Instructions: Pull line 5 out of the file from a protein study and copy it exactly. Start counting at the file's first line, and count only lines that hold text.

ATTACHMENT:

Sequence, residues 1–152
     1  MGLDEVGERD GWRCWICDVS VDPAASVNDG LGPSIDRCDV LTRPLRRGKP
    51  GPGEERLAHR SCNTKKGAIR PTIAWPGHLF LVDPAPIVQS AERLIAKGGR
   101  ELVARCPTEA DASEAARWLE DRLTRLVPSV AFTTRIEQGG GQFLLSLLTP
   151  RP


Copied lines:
   151  RP